He considered that question, and then quickly disregarded an initial thought of crowd-funding an MLS team. The franchise system is so ingrained in the United States, and the cost of buying in is so high. Most recently, Charlotte’s ownership group — backed by billionaire David Tepper — set a new benchmark when it dropped $350 million on an expansion fee alone to become the league’s 30th club.
So Ciociola turned his attention to Europe. It hadn’t escaped his notice, either, how many Liverpool- and Barcelona-scarf-wearing early risers were packing into soccer pubs in major metropolitan areas all over the U.S. — and how capricious their connection to their adopted overseas superclubs often were.
“There aren’t often concrete ties as to why this fan likes Wolves in the (Premier League), or why this fan follows Dortmund,” Ciociola said, “So why don’t we take a club and tailor it to the U.S., and give fans a vested interest?”
The Austrian third division may feel like a random choice, but it wasn’t. The barrier of entry is lower there than in, say, England or Germany, where you might have to drop tens of millions if you really want to make a genuine push to get promoted all the way into the top league. And once there, Austria has a surprising number of European berths up for grabs: As the 11th-ranked league on the continent — one
below Turkey and just above Holland — it has two Champions League spots (one automatic group-stage spot and one third qualifying round spot) plus three for the Europa League (one automatic group-stage spot, one third qualifying round spot and one playoff final spot).
“We get to play in the same league as those teams spending hundreds of millions of Euros, and we can do it for much cheaper,” Ciociola said.
Plus the region is such an easy sell. Saalfelden itself, as Brody found out via his Google search, is physically stunning. Pinzgau’s cozy little stadium is overlooked by a medieval castle. The town is backed by the whitecaps of the Alps, and close to multiple ski resorts plus assorted other outdoor activities.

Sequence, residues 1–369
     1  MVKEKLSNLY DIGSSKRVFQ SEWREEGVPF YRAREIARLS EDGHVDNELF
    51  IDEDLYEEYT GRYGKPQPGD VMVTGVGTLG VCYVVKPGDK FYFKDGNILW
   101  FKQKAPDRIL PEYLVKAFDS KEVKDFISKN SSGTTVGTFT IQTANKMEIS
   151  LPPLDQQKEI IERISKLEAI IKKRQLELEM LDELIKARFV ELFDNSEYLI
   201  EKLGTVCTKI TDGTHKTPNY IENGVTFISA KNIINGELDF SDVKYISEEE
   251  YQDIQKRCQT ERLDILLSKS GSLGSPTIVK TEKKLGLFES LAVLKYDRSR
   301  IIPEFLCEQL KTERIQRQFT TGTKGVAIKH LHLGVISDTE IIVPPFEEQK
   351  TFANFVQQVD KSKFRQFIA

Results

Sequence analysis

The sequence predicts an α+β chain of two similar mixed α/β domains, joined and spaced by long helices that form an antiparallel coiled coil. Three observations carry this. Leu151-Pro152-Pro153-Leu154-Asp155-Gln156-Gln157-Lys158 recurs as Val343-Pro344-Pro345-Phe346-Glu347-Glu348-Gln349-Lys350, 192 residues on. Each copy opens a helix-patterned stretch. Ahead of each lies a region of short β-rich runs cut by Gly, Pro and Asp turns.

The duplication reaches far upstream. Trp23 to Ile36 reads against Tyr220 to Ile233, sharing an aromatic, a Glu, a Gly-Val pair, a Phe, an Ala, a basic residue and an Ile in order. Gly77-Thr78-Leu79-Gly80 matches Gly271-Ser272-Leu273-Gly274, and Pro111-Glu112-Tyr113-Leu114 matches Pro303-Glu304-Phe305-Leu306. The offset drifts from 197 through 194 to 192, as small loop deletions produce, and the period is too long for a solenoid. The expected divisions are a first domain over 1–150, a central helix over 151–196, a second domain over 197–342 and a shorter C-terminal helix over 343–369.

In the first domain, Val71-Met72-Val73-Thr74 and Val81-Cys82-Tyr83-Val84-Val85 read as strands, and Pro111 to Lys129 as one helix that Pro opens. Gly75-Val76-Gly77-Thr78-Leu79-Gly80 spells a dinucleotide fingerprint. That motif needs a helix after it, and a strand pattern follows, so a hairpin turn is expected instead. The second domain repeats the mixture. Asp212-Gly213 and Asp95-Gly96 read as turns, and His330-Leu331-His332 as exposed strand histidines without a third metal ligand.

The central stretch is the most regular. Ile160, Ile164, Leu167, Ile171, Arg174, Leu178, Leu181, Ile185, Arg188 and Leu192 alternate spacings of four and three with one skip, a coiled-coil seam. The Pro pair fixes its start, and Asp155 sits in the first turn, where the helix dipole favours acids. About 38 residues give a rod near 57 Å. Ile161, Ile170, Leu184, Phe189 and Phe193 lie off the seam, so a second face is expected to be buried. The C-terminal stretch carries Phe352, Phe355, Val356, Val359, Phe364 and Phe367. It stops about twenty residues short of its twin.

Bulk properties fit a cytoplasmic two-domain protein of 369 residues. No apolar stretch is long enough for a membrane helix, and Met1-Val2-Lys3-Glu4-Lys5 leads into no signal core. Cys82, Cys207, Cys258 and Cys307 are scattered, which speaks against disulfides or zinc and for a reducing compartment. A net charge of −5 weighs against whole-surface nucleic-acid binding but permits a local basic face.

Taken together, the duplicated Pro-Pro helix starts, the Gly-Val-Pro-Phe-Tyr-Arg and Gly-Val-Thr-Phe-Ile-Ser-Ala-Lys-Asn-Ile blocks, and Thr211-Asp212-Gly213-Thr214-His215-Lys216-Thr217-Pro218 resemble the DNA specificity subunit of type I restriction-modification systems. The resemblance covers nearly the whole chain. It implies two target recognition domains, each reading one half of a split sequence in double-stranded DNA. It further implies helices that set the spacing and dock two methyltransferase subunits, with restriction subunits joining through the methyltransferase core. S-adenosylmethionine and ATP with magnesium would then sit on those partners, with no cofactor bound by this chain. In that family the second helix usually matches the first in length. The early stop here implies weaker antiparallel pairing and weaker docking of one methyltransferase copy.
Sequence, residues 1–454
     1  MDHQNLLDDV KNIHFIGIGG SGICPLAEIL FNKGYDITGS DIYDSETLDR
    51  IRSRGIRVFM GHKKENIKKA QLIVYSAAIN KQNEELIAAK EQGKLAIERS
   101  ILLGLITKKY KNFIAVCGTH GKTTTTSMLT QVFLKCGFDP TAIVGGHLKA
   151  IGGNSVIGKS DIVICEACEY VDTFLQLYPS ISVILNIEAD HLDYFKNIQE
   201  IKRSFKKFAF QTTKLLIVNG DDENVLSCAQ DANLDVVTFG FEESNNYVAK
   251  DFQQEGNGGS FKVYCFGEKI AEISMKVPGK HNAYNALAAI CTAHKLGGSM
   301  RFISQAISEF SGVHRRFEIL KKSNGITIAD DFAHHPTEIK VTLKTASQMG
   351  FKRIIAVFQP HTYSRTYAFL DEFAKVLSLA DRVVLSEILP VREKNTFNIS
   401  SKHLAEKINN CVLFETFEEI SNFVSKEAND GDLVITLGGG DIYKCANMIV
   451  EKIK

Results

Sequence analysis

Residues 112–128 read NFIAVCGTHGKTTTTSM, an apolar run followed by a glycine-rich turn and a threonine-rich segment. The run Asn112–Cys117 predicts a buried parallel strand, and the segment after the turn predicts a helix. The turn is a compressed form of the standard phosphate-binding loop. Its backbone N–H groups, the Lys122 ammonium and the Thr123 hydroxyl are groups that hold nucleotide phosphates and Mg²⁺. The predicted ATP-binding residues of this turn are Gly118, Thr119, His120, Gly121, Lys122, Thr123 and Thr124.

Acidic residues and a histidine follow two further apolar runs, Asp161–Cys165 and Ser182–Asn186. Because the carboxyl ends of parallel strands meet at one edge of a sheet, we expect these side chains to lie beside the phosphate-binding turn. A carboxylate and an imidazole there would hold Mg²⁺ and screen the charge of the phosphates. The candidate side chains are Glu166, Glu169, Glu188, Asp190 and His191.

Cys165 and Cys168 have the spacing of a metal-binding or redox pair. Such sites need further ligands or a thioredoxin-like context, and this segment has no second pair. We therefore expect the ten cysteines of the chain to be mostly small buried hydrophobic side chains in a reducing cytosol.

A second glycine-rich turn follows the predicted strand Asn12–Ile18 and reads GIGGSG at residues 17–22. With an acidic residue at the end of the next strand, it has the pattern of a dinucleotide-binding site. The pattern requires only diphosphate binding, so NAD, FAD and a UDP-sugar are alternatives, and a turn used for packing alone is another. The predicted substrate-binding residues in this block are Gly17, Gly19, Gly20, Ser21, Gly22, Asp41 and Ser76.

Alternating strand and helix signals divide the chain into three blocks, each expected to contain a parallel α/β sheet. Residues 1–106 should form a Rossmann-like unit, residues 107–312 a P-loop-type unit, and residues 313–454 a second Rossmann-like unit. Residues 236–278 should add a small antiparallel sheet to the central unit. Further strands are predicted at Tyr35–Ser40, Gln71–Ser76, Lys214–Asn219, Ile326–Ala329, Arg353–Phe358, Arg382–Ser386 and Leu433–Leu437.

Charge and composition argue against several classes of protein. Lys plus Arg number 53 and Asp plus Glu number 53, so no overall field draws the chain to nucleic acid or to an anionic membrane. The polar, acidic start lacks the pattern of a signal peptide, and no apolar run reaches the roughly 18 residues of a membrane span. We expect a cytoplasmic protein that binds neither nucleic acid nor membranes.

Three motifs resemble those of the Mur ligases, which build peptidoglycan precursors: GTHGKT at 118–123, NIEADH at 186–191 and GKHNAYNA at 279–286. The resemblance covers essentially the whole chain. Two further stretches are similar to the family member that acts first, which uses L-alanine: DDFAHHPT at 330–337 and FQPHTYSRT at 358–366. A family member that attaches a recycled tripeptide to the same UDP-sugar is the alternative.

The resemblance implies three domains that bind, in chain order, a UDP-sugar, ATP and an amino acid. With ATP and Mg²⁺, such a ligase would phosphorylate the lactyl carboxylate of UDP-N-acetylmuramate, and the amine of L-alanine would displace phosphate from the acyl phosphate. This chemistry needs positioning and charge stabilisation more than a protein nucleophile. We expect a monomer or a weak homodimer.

The idea was to invest in a club in an area where the collection of owners from around the world would like to come vacation, as both a draw for them and a tourism boost for the region.
The overall model was vaguely focused at first — basically: “go above and beyond what people would get with any other team,” according to Ciociola — and has gotten more specific and more elaborate over time.
That includes streaming all games on the team’s website live with English-language commentary, but also behind-the-scenes video of team talks before and after matches. It includes Skype calls with the coach and general manager, wherein they explain their rationale for different team-building decisions.
The club is currently going through the final part of the FCC approval process to be able to sell stock, and expects to start floating shares sometime in mid- to late-January.
If you’re starting to feel a little like Andrew Brody did last summer, the minimum buy-in is $1,000, which gets you access to those exclusive peeks behind the curtain, plus a scarf, a discount to the team store, two free tickets to any home match (travel costs to Austria not included) and an invite to the annual owners’ meeting. An extra $500 gets you extra shares, plus a jersey and access to the owners’ suite at the stadium. The most expensive package ($9,999, prices subject to change), features four travel vouchers for airfare and six nights in a hotel for a Pinzgau match next season, plus guaranteed tickets to any home or away Austrian Cup or future UEFA matches.